Corsair MP600 Elite 2TB Review (Page 2 of 10)

Page 2 - A Closer Look, Test System

The Corsair MP600 Elite 2TB is the largest capacity variant in the company's mainstream PCIe 4.0-based NVMe SSD lineup. This slots above the MP600 Core XT 2TB, but below the MP600 Pro XT and PCIe 5.0-based MP700 series. The MP600 Elite we are reviewing today comes with a beefy ventilated aluminum heatsink, shown in our photo above. As beefy as it is, it is still PlayStation 5-compatible, since the drive and heatsink is below 11.25mm at 9mm. You can buy one without a heatsink, which will instead depend on the heatsink that comes with your motherboard to prevent thermal throttling, Otherwise, whether you buy one with or without a heatsink from the factory, they are both electrically the exact same drive under the hood.

The Corsair MP600 Elite 2TB is an M.2 2280 format SSD. If you are not familiar with the M.2 physical standard, M.2 2280 means the size of the drive is 22mm by 80mm, hence its numerical designation. Its components are located on the black printed circuit board located behind the heatsink, which we will take a closer look at in just a moment. The Corsair MP600 Elite 2TB works on the NVMe 1.4 logical device interface and plugs into compatible motherboards directly. Electrically, M.2 NVMe interfaces with PCIe 4.0. The MP600 uses four lanes for up to 8000MB/s bandwidth in each direction.

Flipping the Corsair MP600 Elite 2TB around and you will see the back of the wraparound heatsink. The labels on this side of the Corsair MP600 Elite SSD carry miscellaneous information such as its part number, capacity, serial number, and regulatory certifications. This SSD is made in Taiwan, which is the same as the MP600 Core XT 2TB.

You can see what the Corsair MP600 Elite 2TB is made from after removing the heatsink. There are three chips that can be seen, all located on the same side. At the heart of Corsair's MP600 Elite 2TB is a Phison PS5027-E27 controller, as opposed to the PS5021-E21T found on the MP600 Core XT. It is an NVMe solution on the M.2 socket to utilize the bandwidth afforded by the PCIe 4.0 standard. The controller also has native full drive encryption support. To save cost, no DRAM is available to the controller for system memory. Just for background, SSD DRAM is used as a cache for writing data to the drive and storing a table that maps where each logical block address is physically located on the NAND flash memory. However, DRAM chips are not cheap even if you only need 1GB of DRAM per 1TB of storage, so budget SSDs often omit it to cut cost. Instead, DRAM-less SSDs store the mapping data on the NAND flash itself, which affects performance, as flash memory is orders of magnitudes slower than DRAM. To compensate, the NVMe interface supports something called the Host Memory Buffer, which allows the use of some of your computer's RAM to cache the mapping data. This is not as fast as an SSD having its own DRAM, but still much faster than the SSD's NAND flash memory.

The Corsair MP600 Elite's flash memory are Toshiba-branded 162-layer BiCS6 triple-level cells in two chips labeled T2BIGA5A1V. Its rated write endurance is an excellent 1200TBW, which equates to about 660GB per day for five years. This is significantly better than the MP600 Core XT 2TB at 450TBW and on par with the likes of the Crucial P5 Plus 2TB and T500 2TB, but much lower on a per-TB level than performance drives like the Kingston FURY Renegade 1TB at 1000TBW and Lexar Professional NM800 PRO 2TB at 2000TBW. Its rated power consumption is <5mW idle, 5.7W active read, and 5.7W active write. 96GB out of the 2048GB total capacity -- just under 3% -- is provisioned for the drive controller for overhead, so the actual usable space is 2TB, as advertised. You will see 1.81TB in Windows.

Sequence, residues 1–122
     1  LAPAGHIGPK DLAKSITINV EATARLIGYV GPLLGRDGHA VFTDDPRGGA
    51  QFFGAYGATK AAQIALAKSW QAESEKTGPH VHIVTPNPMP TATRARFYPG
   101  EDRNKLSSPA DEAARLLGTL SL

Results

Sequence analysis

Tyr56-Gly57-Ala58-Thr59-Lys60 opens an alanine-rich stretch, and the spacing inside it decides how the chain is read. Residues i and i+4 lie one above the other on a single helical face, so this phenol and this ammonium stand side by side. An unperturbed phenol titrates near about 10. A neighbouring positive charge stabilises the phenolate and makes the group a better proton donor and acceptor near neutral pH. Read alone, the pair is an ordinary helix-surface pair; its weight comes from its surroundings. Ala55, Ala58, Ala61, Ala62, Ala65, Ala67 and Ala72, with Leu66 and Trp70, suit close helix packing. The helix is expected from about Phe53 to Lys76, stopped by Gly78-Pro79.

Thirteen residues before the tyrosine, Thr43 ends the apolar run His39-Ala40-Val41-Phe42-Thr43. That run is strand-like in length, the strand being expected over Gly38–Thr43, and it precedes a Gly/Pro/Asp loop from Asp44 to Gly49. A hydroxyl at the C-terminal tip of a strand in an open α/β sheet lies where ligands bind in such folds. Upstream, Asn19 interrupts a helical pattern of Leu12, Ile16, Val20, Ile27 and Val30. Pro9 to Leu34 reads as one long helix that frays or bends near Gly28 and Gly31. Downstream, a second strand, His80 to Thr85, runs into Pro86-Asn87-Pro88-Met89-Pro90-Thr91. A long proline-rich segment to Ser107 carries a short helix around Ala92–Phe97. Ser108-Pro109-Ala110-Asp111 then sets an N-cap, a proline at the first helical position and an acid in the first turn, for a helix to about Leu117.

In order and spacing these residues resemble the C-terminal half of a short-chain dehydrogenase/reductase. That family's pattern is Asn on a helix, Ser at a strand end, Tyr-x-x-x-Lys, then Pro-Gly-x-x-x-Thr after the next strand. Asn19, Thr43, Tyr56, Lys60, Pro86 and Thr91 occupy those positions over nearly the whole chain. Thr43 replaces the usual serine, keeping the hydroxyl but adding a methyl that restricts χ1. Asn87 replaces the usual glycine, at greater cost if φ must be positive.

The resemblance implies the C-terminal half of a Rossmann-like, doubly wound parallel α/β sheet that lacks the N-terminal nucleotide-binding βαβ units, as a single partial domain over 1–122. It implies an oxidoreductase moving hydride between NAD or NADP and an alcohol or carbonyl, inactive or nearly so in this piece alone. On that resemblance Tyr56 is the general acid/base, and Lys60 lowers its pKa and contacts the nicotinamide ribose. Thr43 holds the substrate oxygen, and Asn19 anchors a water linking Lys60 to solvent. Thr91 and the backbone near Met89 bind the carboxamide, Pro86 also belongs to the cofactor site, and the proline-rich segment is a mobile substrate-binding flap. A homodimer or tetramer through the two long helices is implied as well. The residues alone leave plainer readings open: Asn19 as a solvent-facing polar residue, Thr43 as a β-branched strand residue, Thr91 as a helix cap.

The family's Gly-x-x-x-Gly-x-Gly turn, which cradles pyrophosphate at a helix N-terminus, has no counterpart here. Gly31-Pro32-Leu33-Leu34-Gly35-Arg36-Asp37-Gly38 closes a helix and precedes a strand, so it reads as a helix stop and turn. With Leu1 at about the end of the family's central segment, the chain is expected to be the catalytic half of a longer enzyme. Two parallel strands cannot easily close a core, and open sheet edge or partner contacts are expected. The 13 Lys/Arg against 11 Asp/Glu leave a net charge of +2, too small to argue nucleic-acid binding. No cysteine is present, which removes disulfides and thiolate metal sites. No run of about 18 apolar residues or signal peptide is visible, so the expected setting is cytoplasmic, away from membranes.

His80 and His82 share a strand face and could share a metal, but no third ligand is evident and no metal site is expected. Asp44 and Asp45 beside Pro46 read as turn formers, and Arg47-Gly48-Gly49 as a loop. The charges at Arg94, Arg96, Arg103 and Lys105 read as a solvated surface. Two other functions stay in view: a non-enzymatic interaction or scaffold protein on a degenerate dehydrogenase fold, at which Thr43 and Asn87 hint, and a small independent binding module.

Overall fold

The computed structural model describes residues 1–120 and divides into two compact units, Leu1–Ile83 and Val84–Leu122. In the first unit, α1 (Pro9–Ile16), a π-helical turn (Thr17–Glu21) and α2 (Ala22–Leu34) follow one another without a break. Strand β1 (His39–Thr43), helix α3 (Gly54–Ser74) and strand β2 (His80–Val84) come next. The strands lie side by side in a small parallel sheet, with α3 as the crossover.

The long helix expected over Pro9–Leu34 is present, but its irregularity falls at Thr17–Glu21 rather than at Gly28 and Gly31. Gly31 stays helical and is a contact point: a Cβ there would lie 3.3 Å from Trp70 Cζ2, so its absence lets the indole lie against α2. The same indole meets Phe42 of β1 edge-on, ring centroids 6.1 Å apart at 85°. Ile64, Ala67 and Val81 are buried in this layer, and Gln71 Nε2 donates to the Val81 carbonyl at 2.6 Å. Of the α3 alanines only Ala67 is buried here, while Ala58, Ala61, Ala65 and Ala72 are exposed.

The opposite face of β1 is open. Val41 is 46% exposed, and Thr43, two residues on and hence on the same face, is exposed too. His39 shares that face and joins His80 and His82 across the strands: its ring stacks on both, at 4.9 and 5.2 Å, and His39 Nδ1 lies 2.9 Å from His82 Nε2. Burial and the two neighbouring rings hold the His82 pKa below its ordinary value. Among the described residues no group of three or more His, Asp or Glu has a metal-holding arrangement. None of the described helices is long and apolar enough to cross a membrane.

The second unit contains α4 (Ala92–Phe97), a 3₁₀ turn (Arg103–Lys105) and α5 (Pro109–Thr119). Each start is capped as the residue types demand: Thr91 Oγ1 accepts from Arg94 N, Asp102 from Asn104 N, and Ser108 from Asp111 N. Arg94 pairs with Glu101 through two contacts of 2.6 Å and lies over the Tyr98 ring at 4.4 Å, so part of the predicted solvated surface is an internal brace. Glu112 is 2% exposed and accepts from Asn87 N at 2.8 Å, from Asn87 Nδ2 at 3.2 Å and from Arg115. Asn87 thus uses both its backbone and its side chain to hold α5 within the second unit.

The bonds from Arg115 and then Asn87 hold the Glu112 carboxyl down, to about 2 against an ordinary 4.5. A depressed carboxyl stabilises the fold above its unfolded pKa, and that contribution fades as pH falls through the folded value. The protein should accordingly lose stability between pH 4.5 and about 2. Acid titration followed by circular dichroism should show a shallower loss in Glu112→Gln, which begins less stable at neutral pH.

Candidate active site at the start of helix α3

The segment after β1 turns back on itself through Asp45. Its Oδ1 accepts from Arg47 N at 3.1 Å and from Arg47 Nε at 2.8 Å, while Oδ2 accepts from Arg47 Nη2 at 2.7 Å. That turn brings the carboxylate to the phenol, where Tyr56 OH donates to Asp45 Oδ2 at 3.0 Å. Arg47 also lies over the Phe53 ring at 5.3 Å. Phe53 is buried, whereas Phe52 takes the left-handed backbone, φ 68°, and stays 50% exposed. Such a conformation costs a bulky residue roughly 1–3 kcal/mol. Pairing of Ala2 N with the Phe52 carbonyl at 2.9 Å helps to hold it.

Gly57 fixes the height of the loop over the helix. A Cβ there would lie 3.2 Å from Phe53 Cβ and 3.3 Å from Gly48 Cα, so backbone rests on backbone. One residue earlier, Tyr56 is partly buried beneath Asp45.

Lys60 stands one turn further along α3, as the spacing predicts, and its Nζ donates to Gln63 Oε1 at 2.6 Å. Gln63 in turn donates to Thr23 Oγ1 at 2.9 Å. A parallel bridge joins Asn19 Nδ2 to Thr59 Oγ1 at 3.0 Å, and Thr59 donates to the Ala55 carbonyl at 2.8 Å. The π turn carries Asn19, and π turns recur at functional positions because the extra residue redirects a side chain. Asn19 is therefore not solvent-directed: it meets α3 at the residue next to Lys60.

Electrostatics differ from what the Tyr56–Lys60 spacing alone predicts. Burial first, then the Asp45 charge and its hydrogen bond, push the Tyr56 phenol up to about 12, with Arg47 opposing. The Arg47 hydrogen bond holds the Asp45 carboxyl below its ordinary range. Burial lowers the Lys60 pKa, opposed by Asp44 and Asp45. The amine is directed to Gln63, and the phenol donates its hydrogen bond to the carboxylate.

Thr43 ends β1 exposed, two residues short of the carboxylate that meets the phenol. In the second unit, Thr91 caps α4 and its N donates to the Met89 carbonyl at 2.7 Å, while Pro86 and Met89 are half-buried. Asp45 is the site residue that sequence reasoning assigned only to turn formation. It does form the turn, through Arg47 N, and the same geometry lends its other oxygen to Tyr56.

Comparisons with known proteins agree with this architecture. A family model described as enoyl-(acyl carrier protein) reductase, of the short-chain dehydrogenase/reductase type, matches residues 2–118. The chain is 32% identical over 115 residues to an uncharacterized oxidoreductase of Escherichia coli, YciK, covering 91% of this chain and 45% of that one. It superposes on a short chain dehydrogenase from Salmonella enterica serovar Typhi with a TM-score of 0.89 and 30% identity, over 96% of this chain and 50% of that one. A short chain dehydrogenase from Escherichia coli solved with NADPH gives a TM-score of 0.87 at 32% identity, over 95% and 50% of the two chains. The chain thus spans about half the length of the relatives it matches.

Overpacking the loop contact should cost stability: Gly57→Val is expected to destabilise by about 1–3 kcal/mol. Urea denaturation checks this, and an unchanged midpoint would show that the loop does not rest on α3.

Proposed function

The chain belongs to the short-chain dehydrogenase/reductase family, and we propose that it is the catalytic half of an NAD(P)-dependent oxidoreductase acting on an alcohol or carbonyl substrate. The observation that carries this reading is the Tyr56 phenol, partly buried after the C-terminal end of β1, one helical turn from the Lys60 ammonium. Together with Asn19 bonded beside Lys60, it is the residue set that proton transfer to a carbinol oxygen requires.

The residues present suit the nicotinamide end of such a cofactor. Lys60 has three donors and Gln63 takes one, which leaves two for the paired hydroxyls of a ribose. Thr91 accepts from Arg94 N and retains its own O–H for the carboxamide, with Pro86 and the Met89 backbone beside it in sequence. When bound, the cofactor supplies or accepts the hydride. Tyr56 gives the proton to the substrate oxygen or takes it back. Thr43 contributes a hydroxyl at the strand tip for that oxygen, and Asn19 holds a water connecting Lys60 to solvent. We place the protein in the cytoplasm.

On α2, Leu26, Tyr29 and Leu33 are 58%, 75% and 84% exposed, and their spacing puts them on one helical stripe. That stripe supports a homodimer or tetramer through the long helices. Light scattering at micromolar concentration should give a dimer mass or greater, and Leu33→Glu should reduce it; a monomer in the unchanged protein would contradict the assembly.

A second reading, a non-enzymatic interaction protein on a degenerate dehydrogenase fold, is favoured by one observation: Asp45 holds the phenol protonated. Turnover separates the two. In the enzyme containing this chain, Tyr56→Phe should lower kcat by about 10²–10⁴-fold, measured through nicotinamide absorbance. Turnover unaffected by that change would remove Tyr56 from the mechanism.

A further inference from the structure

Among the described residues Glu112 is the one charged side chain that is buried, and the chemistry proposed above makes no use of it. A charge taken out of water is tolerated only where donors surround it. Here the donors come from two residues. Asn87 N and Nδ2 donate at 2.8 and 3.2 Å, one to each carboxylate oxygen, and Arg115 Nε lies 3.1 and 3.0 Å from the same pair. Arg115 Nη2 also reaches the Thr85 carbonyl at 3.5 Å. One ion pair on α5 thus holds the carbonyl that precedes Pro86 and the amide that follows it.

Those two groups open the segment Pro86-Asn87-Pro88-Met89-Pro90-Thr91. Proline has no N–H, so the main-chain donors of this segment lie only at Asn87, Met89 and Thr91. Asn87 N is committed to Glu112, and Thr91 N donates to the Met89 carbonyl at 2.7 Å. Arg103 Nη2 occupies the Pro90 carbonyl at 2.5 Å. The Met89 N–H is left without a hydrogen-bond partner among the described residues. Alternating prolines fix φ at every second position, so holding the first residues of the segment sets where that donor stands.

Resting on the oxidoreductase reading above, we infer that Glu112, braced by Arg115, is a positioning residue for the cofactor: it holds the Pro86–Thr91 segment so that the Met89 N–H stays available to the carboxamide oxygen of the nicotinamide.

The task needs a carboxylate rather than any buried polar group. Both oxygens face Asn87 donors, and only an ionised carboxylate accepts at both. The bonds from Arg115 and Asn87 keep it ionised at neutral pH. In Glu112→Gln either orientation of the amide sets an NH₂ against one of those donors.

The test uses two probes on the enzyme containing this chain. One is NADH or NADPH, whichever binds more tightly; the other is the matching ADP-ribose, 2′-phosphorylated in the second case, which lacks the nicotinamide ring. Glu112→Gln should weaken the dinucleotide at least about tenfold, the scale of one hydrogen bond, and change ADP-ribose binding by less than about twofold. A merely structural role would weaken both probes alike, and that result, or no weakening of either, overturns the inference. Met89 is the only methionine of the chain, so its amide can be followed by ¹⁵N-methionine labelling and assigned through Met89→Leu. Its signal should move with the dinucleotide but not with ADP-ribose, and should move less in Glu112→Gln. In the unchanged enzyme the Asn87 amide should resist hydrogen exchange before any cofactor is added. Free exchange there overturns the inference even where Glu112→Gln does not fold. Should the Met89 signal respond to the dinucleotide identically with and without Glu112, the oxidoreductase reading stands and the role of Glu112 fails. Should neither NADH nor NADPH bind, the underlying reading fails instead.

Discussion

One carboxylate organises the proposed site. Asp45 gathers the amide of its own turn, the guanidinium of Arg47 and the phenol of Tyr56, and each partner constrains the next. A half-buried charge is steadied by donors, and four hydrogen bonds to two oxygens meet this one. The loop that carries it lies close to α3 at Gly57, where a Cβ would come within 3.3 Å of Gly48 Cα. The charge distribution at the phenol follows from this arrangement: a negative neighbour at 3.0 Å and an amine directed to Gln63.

Specified at 7000MB/s read, 6500MB/s write, up to 1,000,000 IOPS read, and up to 1,200,000 IOPS write over NVMe 1.4 on PCIe 4.0 x4, these figures are impressive for a mainstream model. It is about one-and-a-half to twice as fast as previous generation PCIe 3.0-based drives. To see how all this hardware translates to numbers in our benchmarks, we will pit the MP600 Elite 2TB against the big boys of this game to see how this mainstream PCIe 4.0-based drive from Corsair steps up against some popular NVMe SSDs from manufacturers like ADATA/XPG, Crucial, Kingston, Lexar, Patriot, Western Digital, and even Corsair themselves in the next seven pages or so.

Our test configuration is as follows:

CPU: Intel Core i7-12700K
Motherboard: ASUS ProArt B660-Creator D4
RAM: Crucial Ballistix DDR4-3600 4x32GB
Graphics: ASUS Dual GeForce GTX 1060 3GB
Chassis: NZXT H710i
Storage: Kingston KC3000 1TB, Western Digital WD_BLACK SN850 NVMe SSD 1TB
Power: Seasonic PRIME Ultra Titanium 850W
Operating System: Microsoft Windows 11 Pro

Compared Hardware:
- Corsair MP600 Elite 2TB
- ADATA Legend 960 1TB
- Corsair MP600 Core XT 2TB
- Crucial P3 Plus 1TB
- Crucial P3 Plus 4TB
- Crucial P5 Plus 1TB
- Crucial P5 Plus 2TB (Heatsink Version)
- Crucial T500 2TB
- Kingston FURY Renegade 1TB
- Kingston KC3000 1TB
- Lexar NM710 1TB
- Lexar Professional NM800 PRO 2TB
- Netac NV7000-t 1TB
- Patriot P400 1TB
- Western Digital WD_BLACK SN770 NVMe SSD 1TB
- Western Digital WD_BLACK SN850 NVMe SSD 1TB
- XPG Atom 50 1TB
- XPG Gammix S70 Blade 1TB

Page Index
1. Introduction, Packaging, Specifications
2. A Closer Look, Test System
3. Benchmark: AIDA64 Disk Benchmark
4. Benchmark: ATTO Disk Benchmark
5. Benchmark: Crystal Disk Mark 8.0
6. Benchmark: HD Tune Pro 5.70
7. Benchmark: PassMark PerformanceTest 10
8. Benchmark: PCMark 10
9. Benchmark: 3DMark
10. Conclusion